Q-type Queens car (New York City Subway car)

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Q-Type Queens car
NYCS BMT Q.jpg
BMT Q-Type car #1612C on display at the New York Transit Museum
Manufacturer Jewett Car Company, Newark, Ohio
Brooklyn–Manhattan Transit Corporation
Number built 114 cars assembled into 42 operating units
Number preserved 2
Number scrapped 112
Formation Three-car sets
Fleet numbers 1600-1629 A-B-C (Q)
1630-1641 A-B (QX)
Capacity 50 seats (A and C cars), 52 seats (B car)(Q)/ 50 seats (A and B cars)(QX)
Operator(s) Brooklyn Rapid Transit
Specifications
Car body construction Wood with steel frames and ends
Train length 137 feet (41.8 m) over the extreme ends of each unit
Car length 49 feet 3 inches (15.01 m)
Width 8 feet 8 inches (2.64 m)
Height 12 feet (3.66 m)
Weight 57,000 lb (26,000 kg)
Traction system WH 225113 (Q)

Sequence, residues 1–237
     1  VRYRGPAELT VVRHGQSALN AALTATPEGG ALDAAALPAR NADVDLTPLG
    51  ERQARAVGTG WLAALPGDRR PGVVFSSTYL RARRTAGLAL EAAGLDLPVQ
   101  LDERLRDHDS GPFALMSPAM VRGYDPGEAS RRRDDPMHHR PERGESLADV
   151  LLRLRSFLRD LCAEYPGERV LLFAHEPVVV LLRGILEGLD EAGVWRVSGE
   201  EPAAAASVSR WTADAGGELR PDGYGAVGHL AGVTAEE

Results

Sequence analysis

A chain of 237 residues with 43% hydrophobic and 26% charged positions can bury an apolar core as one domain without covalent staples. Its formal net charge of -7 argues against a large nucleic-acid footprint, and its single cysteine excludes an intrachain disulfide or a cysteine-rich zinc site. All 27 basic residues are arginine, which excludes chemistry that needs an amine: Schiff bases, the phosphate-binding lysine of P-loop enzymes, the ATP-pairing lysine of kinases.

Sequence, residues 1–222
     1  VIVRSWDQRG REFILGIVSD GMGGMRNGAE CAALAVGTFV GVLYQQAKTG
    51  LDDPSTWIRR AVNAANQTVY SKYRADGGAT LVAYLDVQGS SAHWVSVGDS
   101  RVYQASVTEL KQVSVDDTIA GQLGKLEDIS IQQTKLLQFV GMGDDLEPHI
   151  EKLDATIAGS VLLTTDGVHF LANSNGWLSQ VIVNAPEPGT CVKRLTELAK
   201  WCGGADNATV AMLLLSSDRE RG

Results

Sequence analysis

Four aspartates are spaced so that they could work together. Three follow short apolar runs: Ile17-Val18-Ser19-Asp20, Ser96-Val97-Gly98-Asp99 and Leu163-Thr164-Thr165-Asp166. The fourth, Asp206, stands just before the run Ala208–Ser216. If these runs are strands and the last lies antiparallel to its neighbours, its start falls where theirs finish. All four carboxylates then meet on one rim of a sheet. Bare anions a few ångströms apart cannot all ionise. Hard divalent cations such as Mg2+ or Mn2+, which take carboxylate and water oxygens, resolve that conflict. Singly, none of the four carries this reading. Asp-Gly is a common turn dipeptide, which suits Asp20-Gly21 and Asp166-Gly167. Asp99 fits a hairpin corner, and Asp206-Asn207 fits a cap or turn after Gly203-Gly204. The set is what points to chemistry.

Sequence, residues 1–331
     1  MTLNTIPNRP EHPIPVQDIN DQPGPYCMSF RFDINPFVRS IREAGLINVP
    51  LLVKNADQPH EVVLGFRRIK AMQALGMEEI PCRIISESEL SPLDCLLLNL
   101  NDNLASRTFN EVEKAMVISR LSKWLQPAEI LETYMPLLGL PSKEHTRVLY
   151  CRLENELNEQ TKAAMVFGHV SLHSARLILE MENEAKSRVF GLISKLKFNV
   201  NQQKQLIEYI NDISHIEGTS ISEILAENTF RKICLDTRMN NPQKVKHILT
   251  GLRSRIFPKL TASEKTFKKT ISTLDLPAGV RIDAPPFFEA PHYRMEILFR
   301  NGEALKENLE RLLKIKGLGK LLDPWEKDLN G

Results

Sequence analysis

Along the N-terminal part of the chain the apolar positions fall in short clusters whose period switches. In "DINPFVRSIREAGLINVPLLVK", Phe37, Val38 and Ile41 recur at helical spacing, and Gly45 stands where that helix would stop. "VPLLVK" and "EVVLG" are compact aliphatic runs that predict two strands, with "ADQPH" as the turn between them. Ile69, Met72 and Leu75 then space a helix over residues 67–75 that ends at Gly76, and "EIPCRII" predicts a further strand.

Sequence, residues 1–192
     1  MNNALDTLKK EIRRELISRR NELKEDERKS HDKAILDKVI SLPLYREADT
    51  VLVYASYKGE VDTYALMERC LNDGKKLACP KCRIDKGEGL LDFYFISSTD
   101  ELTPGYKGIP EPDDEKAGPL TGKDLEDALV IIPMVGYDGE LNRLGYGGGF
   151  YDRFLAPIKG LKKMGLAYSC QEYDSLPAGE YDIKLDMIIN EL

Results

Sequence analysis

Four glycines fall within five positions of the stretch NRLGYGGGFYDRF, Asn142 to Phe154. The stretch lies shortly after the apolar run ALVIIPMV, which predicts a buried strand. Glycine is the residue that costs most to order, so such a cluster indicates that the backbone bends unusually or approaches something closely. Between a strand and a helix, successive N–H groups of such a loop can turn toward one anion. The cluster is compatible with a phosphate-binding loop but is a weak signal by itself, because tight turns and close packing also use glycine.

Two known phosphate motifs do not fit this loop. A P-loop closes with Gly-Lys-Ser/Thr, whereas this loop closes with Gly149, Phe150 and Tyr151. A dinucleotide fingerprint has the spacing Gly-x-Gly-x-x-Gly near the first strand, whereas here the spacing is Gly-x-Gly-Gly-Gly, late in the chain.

WH 225112 (QX)
GE 259, WH 336 (Q, 1 per motor truck)
WH 300 (QX, 2 per motor truck)
Power output 120 hp (89 kW) per motor (Q)
200 hp (150 kW) per motor (QX)
Track gauge 4 ft 8 12 in (1,435 mm) (standard gauge)

The Q-Type (and QX) was a New York City Subway car built by the Jewett Car Company, and rebuilt in 1938 by the Brooklyn–Manhattan Transit Corporation (BMT) for elevated railway service to the 1939 New York World's Fair from BU cars in the 1200 and 1400 series, elevated stock originally built in 1903 and in 1907.

After BMT service on the joint IRT-BMT Flushing Line ended in 1949, the Q-types were refitted for operation of the IRT Third Avenue Line in Manhattan. After the latter line closed in 1955, the Q-types were refitted again to operate on the BMT Myrtle Avenue Line in 1958 to replace the last elevated gate cars in passenger service. When the lower part of the Myrtle Avenue Line closed in 1969, the Q-types were finally retired.[1] The oldest of the cars were in revenue service for 66 years, currently the longest such service life in New York City rapid transit operations.

Two examples of this car survive. The two are car 1612C (ex-BU 1417) is preserved at the New York Transit Museum, and car 1602C, which is at the Trolley Museum of New York.[2] The latter is awaiting restoration and is coupled with that museum's other subway car units.

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